This time of year health luminaries, fitness gurus, and cool wellness critics launch books en masse determined to capture your healthy-new-year fever, fill your bookcase, and leave you feeling way smarter and healthier for it.
And we’ve powered through dozens, like students at exam time, to bring you the ones you’ve got to read this year.
Those deserving a spot on your nightstand? They run the healthy gamut from why we’re obsessed with weight as culture (and how that better change) and a guide to all-natural beauty to how yoga can change your life, as told through a celeb yogi’s own wild-child past.
See the ten healthy books you’ve got to download, flip through, and recommend to your friends this year (listed in no particular order). —Molly Gallagher
Frank Lipman, MD, and Danielle Claro
Celeb doctor and New York City’s most well-known integrative physician, Frank Lipman, MD, is known for prescriptions that don’t necessarily come from a bottle (like what food goes on your plate or the numbers of hours you sleep). And his new book, The New Health Rules, is a handbag-sized manifesto for living a healthy, cool life. It’s filled with rules (and pretty photos) like why you should break up with bread and the most important yoga pose you should be doing. It’ll go perfectly with your green juice on the way to work.
Colleen Saidman Yee
You know her as the glowing, grounded yogi behind Yoga Shanti and your DVD collection, but Saidman Yee was once a wild child, traveling the globe as a fashion model and picking up a bad drug habit along the way. Her first tome tells the story about how she found herself through yoga, started a new chapter, and might be able to help you do the same.
Adina Grigore, the founder of Brooklyn-based skin-care line S.W. Basics, made it big in 2014 when her all-natural skin-care line debuted at Target. Now, she’s coming out with a guide on how to switch over your beauty routine from not-so-clean to all-natural. If you’re still stuck on Cetaphil, you might want to pre-order your copy now.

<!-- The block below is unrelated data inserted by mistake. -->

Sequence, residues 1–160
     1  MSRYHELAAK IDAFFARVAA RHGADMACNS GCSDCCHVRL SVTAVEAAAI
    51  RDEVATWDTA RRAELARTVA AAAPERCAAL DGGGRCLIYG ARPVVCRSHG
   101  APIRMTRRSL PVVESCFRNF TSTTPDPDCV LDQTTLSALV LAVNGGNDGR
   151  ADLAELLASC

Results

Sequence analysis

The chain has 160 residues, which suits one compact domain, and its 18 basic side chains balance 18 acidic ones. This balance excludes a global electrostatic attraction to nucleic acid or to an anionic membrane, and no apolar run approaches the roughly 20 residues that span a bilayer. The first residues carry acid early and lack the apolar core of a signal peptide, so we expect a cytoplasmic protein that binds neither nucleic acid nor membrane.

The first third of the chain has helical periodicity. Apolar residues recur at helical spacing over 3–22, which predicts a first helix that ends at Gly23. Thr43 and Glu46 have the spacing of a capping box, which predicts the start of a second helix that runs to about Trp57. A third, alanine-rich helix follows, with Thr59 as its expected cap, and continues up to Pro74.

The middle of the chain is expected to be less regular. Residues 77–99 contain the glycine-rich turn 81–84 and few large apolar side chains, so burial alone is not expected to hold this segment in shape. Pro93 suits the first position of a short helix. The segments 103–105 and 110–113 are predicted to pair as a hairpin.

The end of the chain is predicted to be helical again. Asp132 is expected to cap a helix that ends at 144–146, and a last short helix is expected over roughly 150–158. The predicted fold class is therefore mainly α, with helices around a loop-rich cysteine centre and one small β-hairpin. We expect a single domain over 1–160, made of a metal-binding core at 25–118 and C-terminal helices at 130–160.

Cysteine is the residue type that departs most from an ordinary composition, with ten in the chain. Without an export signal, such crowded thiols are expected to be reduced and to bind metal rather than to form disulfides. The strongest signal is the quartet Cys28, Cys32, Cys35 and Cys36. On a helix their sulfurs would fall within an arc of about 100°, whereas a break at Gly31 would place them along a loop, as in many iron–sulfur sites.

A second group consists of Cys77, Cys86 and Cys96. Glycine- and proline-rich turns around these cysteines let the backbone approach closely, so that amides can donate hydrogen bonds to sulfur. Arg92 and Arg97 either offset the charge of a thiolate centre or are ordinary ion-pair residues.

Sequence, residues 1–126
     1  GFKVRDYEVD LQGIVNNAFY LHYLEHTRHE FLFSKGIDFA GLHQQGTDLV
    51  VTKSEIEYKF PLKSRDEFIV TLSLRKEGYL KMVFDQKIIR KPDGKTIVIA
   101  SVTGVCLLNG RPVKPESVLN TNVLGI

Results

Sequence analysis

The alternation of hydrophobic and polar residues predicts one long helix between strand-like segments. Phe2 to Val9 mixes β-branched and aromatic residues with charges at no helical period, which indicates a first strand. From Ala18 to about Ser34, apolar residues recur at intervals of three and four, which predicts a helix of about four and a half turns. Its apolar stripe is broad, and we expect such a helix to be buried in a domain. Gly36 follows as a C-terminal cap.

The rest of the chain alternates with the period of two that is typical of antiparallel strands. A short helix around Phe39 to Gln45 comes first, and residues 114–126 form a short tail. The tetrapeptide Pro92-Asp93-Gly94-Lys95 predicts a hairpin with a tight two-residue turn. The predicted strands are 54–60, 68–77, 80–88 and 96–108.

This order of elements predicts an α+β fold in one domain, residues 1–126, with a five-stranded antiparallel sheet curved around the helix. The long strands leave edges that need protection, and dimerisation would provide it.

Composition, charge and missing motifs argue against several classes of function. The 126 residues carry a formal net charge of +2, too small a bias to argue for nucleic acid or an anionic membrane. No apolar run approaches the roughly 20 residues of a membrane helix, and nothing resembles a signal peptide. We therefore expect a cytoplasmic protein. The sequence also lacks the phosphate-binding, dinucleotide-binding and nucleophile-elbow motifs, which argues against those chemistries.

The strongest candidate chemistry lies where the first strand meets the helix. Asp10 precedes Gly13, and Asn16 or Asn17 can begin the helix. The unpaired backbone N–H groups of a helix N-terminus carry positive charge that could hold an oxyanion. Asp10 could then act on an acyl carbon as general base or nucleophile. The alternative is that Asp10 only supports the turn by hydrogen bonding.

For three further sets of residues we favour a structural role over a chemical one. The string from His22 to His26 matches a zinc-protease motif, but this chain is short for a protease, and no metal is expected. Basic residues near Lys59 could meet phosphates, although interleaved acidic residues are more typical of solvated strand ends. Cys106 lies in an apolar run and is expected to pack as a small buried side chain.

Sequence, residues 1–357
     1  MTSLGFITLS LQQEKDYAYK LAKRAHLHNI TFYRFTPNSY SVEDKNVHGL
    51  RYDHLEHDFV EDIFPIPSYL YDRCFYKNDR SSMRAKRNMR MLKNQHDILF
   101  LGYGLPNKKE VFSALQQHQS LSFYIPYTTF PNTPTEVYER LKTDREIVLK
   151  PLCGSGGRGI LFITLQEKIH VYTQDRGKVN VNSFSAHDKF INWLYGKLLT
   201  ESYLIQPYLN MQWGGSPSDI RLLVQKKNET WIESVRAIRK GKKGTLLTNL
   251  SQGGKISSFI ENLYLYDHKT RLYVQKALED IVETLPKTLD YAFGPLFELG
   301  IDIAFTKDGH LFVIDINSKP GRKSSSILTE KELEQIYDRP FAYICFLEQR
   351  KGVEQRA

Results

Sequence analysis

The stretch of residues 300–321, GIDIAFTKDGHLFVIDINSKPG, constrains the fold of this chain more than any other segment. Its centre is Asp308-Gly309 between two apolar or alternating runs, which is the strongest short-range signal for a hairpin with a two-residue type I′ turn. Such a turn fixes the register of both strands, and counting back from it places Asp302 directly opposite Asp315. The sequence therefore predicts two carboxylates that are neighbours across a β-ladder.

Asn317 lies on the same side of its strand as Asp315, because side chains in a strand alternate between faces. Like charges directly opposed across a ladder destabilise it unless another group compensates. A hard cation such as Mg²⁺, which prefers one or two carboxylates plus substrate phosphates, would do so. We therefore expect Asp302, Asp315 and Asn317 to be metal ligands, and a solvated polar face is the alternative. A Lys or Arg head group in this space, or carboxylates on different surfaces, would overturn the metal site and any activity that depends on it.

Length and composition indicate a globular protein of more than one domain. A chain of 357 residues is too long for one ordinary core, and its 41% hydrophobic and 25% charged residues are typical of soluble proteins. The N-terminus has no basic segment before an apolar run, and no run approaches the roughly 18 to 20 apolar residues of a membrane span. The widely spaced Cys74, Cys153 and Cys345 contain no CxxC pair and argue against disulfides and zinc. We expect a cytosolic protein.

When a career on Wall Street added an extra 40 pounds to her frame, Dawna Stone realized she needed to change something about the way she was eating—and living. After trying a bunch of diets, without any success, Stone created her own. In The Healthy You Diet, Stone, also the founder of Women’s Running magazine, shares her personal struggle with weight and how she got healthy. It’s also a plan to help you eat cleaner, too.
The founder of The People’s Bootcamp, Adam Rosante, is known for having a pay-what-you-can workout policy. And with his new book he’s taking that same health-should-be-universal mentality and dishing out simple clean eating tips and advice like why you should ditch your gym membership and work out at home instead. The fast, fun read makes changing your habits feel that way, too.
Your favorite granola might be labeled “natural,” but is it really? Culinary nutritionist Stefanie Sacks, MS, CNS, CDN, wants to help you figure that out. So the master label-reader devoted an entire book to the topic. In What the Fork Are You Eating?: An Action Plan for Your Pantry and Plate (a title you’ve gotta love), the author explains what’s hiding in your food—cough, cough, hidden preservatives—and gives you a solid roadmap for navigating the grocery store, along with a bunch of healthy recipes.
The eternal optimist Dave Romanelli shares 31 ways to relax—like spending one minute on love every day and remembering to laugh—in his new book Happy is the New Healthy. We suggest keeping this sunshine-y tome at your desk, so you can pick it up at work in a stressful pinch.
When Belle Gibson was diagnosed with terminal brain cancer more than five years ago she tried conventional medicine, but eventually turned to a healing whole foods, plant-based diet. Her app, The Whole Pantry, has been wildly successful, and, now, the Instagram sensation is debuting her first book filled with advice on living a well nourished life, including 100 recipes free of gluten, soy, corn, refined sugar, and additives.
As a culture, we’re obsessed with weight, says Harriet Brown, a journalist and professor who’s looked deeply into our national body image problem with Body of Truth. She shares her findings on how science, psychology, and the media have had a huge affect on the way we perceive ourselves—and what we can do to change that negative thinking. It’s a must-read whether you’re the most confident woman in the room (or bikini) or can’t remember the last time you had a nice thought about your body.
Your adrenal glands, which sit on top of your kidneys, regulate adrenaline and cortisol levels (AKA the stress hormones). When they’re taxed, due to stress, being a workaholic, or overachiever, you can experience depleted energy, dark under-eye circles, and it throws off other key things—like your diet, sleep, and menstrual cycle. The Adrenal Reset Diet is designed to help you reduce your stress and cortisol levels with whole foods (using carbs and proteins in a balancing cycle and reducing your sugar and insulin). Actually, a clean diet that helps reduce stress is probably something we all need.